After two months of ‘respectful debate’ – and I use this term in the loosest way possible – Australians, 61.6% of them at least, agreed that I should be treated as equal to any heterosexual person from this great nation I call home, according to a national survey.

The reaction of my colleagues

The response from my colleagues at The CEO Magazine has been nothing but supportive. For me, this came as an enormous relief, mainly because it is an unprecedented situation.

After the Australian Bureau of Statistics (ABS) announced the result this morning, I shed a couple of tears.

After the Australian Bureau of Statistics (ABS) announced the result this morning, I shed a couple of tears.

 

For five or so minutes, there was discussion about what would happen next, as well as hugs from some of my colleagues, many of whom have become such great friends in the four months I’ve been at the magazine.

But you wouldn’t believe what happened next… Everyone just went back to work.

While there was no grand celebration to be had, I took pleasure in the fact my colleagues continued to treat me like their equal, as they’ve done since I entered this place on Day 1.

A celebration would be over-the-top. They didn’t need a national survey from the ABS to show their human qualities. That’s right. Life went on as it normally does.

Contrary to the end-of-the-world prognostications from people like Lyle Shelton, Cory Bernardi and Tony Abbott, my colleagues continued working away trying to reach whatever deadline or sales target they had set in front of them.

They went about being their professional selves, doing what they do every day in this office – creating an inspirational magazine.

In fact, many of my colleagues probably didn’t get to follow the result live. They’re too busy in Melbourne preparing for our annual Executive of the Year Awards, a shindig I have every confidence they will perfectly pull off like they have always done.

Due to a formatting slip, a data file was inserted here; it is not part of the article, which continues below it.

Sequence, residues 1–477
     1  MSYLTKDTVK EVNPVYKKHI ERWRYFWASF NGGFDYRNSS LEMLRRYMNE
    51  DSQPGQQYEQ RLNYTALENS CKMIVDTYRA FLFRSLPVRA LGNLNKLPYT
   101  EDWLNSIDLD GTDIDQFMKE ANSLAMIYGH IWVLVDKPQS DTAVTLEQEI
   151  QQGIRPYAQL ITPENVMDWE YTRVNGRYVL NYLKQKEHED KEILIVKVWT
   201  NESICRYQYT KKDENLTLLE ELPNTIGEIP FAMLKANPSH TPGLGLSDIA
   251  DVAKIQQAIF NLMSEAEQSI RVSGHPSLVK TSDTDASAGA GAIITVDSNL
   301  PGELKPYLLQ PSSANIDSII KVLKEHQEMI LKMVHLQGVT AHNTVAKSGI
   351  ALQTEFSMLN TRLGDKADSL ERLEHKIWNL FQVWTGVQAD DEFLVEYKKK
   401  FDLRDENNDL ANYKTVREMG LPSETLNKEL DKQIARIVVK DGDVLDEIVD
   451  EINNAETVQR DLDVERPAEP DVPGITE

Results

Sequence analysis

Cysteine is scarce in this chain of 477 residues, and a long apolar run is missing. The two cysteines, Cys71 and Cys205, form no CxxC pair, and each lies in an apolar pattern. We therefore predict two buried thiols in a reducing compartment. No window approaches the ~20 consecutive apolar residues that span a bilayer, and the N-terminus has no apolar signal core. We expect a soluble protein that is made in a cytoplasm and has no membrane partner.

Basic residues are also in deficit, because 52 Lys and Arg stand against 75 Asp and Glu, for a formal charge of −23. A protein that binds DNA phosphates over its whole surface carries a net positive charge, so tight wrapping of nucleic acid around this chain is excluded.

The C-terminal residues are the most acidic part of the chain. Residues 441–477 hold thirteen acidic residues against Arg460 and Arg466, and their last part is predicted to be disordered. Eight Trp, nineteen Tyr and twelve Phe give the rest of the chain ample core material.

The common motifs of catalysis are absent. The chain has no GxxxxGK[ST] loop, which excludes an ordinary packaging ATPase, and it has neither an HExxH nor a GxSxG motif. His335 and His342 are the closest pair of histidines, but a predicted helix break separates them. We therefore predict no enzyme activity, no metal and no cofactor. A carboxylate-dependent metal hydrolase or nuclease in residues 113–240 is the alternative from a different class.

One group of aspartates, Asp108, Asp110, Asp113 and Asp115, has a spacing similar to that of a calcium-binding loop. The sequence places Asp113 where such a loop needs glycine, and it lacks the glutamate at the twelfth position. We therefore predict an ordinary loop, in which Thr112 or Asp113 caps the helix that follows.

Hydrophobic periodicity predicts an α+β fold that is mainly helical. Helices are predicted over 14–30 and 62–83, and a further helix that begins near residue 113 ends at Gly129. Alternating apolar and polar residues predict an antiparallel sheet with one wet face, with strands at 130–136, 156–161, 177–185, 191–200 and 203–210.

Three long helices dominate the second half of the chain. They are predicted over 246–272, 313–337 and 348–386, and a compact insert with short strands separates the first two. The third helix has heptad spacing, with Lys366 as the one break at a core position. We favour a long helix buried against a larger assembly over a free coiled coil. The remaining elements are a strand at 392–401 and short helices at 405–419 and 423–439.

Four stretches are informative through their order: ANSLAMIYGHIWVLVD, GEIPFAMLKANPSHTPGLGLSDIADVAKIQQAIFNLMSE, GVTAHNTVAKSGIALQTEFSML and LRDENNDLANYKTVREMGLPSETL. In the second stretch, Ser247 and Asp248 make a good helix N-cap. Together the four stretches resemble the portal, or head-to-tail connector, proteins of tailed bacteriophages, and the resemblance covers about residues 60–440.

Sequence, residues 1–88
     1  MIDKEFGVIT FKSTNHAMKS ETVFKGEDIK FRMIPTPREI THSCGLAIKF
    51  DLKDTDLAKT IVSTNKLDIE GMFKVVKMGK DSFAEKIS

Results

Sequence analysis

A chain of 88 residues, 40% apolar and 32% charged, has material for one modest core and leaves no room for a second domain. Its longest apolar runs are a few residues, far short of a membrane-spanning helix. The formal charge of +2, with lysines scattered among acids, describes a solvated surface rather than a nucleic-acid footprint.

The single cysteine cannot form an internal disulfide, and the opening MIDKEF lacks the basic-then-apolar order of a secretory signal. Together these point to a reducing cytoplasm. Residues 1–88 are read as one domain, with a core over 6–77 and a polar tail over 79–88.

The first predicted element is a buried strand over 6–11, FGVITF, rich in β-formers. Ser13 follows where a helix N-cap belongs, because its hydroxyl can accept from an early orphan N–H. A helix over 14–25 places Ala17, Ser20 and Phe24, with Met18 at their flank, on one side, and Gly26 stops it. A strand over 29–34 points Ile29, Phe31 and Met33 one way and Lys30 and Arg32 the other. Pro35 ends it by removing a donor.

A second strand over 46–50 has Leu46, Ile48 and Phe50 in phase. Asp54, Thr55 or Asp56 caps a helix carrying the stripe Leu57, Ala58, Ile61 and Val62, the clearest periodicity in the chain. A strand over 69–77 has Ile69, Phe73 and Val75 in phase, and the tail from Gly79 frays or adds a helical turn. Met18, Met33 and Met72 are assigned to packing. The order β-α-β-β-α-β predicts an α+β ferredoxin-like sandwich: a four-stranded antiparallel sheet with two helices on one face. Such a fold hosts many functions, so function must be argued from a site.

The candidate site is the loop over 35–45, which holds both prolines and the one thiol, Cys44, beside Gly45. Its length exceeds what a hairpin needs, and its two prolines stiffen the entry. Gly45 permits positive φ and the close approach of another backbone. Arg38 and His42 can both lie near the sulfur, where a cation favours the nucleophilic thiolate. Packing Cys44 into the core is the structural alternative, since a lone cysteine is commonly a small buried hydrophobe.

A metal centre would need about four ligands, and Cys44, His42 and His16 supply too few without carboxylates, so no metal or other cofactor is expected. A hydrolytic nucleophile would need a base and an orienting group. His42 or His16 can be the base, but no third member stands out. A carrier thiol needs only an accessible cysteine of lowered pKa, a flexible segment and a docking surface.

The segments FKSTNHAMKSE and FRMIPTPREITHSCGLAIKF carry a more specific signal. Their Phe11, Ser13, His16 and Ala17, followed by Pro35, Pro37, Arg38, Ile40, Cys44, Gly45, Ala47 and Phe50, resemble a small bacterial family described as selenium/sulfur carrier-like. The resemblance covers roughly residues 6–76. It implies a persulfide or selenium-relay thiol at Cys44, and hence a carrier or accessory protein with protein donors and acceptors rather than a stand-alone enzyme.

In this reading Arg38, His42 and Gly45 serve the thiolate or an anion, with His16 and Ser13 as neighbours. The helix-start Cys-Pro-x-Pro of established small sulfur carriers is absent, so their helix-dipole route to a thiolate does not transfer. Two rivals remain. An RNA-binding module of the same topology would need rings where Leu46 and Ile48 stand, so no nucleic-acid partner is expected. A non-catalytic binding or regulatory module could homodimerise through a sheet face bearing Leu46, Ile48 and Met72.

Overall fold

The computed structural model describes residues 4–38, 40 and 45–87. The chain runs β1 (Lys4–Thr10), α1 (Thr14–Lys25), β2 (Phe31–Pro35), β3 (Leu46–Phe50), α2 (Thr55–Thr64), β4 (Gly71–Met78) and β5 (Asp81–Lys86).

The personal meaning

But shameless plug aside, this result takes on a deeper personal meaning.

I first became aware of my sexuality during high school. It wasn’t until I started university over 10 years ago that I came out of the closet; first to a few friends, and then to my mother shortly after.

They already knew, I would soon find out, as did many other close friends and family.

Regardless, it was a great relief for me. I could breathe normally again. I could be my full self and the world would become more accepting of who I am. And it has, in 24 countries and counting.

But in Australia, my home, there is still no marriage equality. The issue has become a political plaything by our politicians over the past few years, culminating in a national survey that has not just been hurtful but grossly unnecessary.

Again, I had to go through the indignity of having everyone around me decide my worth as a human being, with constant daily reminders on the radio driving to work as well as seeing campaign posters while walking down my local street. The ‘respectful debate’ even encroached on the simple pleasure of looking at the sky.

I had to go through the indignity of having everyone around me decide my worth as a human being.

 

Nevertheless, I ticked the ‘Yes’ box, put the paper in the sealed envelope and dropped it in a post box near the office.

Thankfully, today’s result was not only correct, but also unequivocal. The onus is now on our politicians to fulfil their end of the bargain and validate what is a clear mandate from the Australian people.

Now that I write articles about how C-suite leaders inspire others for a magazine boasting the slogan, ‘Inspiring the business world’, I hope that I too can inspire others to be the best version of themselves, no matter their background.

Today’s result has emboldened me to keep on doing precisely that. But I won’t be able to unless I am free to bring my full self to the task.

With the support of my colleagues and, from today, most of Australia, this will no longer be a problem. That is what today’s result means to me.